But there are no horses around here, said Mario, who had seized the liquor bottle by the neck before he realized what he had done and placed it on the banquette.  It wants to come inside, said Zulma glued to the back wall.  But no, don't be silly, it might have escaped from some smallholding in the valley and come towards the light.  It wants to come inside, I tell you, it's rabid and it wants to come in.  Horses don't get rabid as far I as I know, said Mariano, I think it's gone, I'll go take a look from the window upstairs.  No, no, stay here, I still hear it, it's on the terrace stairs, it's trampling the plants, it will come back, and this time it will break the window and come in.  Don't be silly, what's it going to break, said Mariano faintly, perhaps it'll scare it away if we switch on the lights.  I don't know, I don't know, said Zulma slipping down the wall until she was seated on the banquette, I heard something like a neigh, it's up here.  They heard the hoofs going down the stairs, the irritated panting against the door, Mariano thought there was some pressure against the door, a repeated scratching, and Zulma ran towards him screaming hysterically.  He pushed her away gently, and held his hand to the switch; in the darkness (light remained in the kitchen where the girl was sleeping) the whinnying and the hoofs became louder; but the horse was not right in front of the door: one could hear it coming and going in the garden. 

Without even looking at the corner they had laid out for the girl, Mariano ran to switch off the kitchen light.  He came back to hug Zulma who was sobbing; he stroked her hair and her face, begging her to be quiet so that he could hear better.  In the window the horse's head was rubbing up against the largest pane without tremendous force; the white spot looked transparent in the darkness; they felt that the horse was peering inside the house as if looking for something; it could no longer see them, yet it was still here, whinnying and panting, with sharp jerks from one side to the other.  Zulma's body was slipping from Mario's arms, and he was helping her sit back down on the banquette, leaning her against the wall.  Don't move, don't say anything, now it's going to leave, you'll see.  It wants to come in, said Zulma faintly, I know that it wants to come in and if it breaks the window, what's going to happen if it kicks the window until it breaks?  Hush, said Mario, please be quiet.  It's going to come in, mumbled Zulma.  I don't even have a shotgun, said Mariano, I'd put five bullets in its head, that son of a bitch.  It's no longer here, said Zulma, getting up all of a sudden.  I hear it up there; if it sees the terrace door, it could come in.  It's properly closed, don't be afraid, consider that in the dark it's not going to enter a house where it can't even move around, don't be such a fool.  Oh yes, said Zulma, it wants to come in, and it will smash us against the walls, I know that it wants to come in.  Hush, Mariano said again.  He was thinking the same thing, but could do nothing but wait, his back soaked in cold sweat.  Once more the hoofs resounded upon the slabs of the stairs, and suddenly there was silence, the distant crickets, and a bird in the walnut tree above.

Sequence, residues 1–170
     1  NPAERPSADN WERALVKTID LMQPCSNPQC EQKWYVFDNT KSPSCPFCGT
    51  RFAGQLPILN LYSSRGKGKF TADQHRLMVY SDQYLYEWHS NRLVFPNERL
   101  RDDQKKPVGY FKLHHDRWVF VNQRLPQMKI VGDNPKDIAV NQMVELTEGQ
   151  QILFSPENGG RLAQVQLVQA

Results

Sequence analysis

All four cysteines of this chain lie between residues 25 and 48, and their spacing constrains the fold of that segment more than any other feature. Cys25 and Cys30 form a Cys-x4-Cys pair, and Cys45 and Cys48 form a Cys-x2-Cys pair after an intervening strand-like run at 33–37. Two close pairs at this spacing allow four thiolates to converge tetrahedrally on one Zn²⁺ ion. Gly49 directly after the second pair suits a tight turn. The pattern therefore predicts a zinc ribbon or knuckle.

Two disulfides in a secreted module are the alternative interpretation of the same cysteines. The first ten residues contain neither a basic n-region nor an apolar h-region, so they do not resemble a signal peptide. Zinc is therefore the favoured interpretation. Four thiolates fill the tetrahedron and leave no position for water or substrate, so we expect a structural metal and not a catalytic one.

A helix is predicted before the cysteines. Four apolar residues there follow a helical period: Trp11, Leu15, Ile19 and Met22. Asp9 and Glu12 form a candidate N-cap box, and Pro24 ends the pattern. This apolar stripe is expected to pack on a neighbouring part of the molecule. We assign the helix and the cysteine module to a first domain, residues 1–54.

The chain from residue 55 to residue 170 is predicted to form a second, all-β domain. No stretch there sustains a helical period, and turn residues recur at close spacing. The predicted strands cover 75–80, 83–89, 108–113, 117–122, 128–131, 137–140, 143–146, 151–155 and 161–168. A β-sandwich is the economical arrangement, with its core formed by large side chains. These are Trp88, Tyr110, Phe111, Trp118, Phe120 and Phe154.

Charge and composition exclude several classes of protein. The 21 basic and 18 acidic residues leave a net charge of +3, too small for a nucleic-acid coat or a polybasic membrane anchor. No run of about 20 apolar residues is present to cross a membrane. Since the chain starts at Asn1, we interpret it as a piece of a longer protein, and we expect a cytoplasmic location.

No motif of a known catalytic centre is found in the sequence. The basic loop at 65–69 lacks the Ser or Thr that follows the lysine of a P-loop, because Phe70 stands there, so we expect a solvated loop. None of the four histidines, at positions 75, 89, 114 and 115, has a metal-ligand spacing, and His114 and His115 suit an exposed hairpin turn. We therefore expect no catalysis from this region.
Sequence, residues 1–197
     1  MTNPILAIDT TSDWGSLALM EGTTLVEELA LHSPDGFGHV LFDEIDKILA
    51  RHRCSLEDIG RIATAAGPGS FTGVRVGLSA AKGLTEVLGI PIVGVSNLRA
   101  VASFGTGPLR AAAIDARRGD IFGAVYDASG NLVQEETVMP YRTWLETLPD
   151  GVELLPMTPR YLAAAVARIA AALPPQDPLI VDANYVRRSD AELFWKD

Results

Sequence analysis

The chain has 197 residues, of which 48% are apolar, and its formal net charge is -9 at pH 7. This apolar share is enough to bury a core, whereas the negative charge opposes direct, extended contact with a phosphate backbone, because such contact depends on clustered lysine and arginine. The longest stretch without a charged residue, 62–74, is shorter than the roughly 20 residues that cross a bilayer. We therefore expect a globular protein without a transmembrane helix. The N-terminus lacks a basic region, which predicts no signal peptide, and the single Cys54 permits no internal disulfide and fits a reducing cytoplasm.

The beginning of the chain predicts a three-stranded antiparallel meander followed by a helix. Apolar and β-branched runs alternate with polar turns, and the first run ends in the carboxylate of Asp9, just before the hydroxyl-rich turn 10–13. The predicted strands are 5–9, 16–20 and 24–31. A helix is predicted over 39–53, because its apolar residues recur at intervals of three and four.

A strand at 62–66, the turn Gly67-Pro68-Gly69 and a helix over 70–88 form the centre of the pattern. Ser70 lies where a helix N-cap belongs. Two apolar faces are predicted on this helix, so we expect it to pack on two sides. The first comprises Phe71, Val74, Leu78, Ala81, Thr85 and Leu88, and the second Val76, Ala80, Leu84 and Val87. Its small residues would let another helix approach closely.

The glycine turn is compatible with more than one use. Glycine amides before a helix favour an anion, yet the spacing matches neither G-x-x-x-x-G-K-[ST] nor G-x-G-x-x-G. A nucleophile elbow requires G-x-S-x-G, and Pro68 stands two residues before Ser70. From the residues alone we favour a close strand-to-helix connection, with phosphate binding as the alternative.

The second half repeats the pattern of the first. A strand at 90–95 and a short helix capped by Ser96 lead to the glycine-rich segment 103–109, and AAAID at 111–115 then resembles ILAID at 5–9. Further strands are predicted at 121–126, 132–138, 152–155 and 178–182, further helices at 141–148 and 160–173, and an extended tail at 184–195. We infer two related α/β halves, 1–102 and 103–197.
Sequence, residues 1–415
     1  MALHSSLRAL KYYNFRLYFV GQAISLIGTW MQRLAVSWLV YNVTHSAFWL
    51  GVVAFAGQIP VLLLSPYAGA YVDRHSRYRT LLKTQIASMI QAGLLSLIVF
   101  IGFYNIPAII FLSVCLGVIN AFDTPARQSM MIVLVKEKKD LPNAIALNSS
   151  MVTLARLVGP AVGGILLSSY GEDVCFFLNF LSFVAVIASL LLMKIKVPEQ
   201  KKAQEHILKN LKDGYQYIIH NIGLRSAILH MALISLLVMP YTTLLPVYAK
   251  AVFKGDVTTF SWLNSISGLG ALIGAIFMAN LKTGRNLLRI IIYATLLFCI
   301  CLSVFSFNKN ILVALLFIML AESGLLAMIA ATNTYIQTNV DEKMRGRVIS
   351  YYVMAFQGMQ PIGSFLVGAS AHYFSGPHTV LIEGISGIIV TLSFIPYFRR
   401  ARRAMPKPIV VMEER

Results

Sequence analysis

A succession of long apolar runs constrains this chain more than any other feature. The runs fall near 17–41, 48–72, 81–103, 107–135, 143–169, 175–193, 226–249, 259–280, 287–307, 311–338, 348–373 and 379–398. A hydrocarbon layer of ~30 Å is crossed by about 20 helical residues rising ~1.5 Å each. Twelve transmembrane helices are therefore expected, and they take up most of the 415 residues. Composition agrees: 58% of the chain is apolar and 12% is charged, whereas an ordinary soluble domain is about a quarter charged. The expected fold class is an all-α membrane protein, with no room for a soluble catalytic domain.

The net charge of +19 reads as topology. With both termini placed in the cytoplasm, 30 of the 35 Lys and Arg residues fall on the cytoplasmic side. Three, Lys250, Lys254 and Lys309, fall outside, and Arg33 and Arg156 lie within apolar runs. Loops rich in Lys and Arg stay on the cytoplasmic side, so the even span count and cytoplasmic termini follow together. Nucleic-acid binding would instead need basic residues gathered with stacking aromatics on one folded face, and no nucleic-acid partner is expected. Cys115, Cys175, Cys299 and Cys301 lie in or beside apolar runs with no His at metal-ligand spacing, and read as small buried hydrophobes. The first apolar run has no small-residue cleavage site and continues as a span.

Without turning on the lights now that the window let in the night's vague clarity, Mariano poured a glass of liquor and held it to Zulma's lips, forcing her to drink even though her teeth rattled against the cup and the alcohol spilled onto her blouse.  After that he took a long drink straight from the bottle and went to the kitchen to look at the girl.  With her hands beneath the pillow as if holding her precious magazine, the girl was, incredibly enough, asleep: she hadn't heard a thing.  He had hardly been there a moment while, in the living room, Zulma's crying was turning slowly into a drowning hiccough, almost into a scream.  It's over, it's over, said Mariano now sitting down next to her and shaking her softly, it was nothing more than a scare.  It's going to come back, said Zulma, her eyes fixed on the window.  No, it's probably already far away, I'm sure it escaped from some herd down there.  No horse does that, said Zulma, no horse want to come into a house like that.  I have to admit it's odd, said Mariano, we'd better take a look outside.  I have the flashlight here.  But Zulma had pressed herself against the wall; the idea of opening the door, of going out towards the white shadow that could be close by, waiting below the trees, ready to charge.  Look now, if we don't make sure that it's gone, no one is going to get any sleep tonight, said Mariano.  Let's give it a little longer; in the meantime, go to bed and I'll give you your sedative; an extra dose, you poor thing, you've really earned it.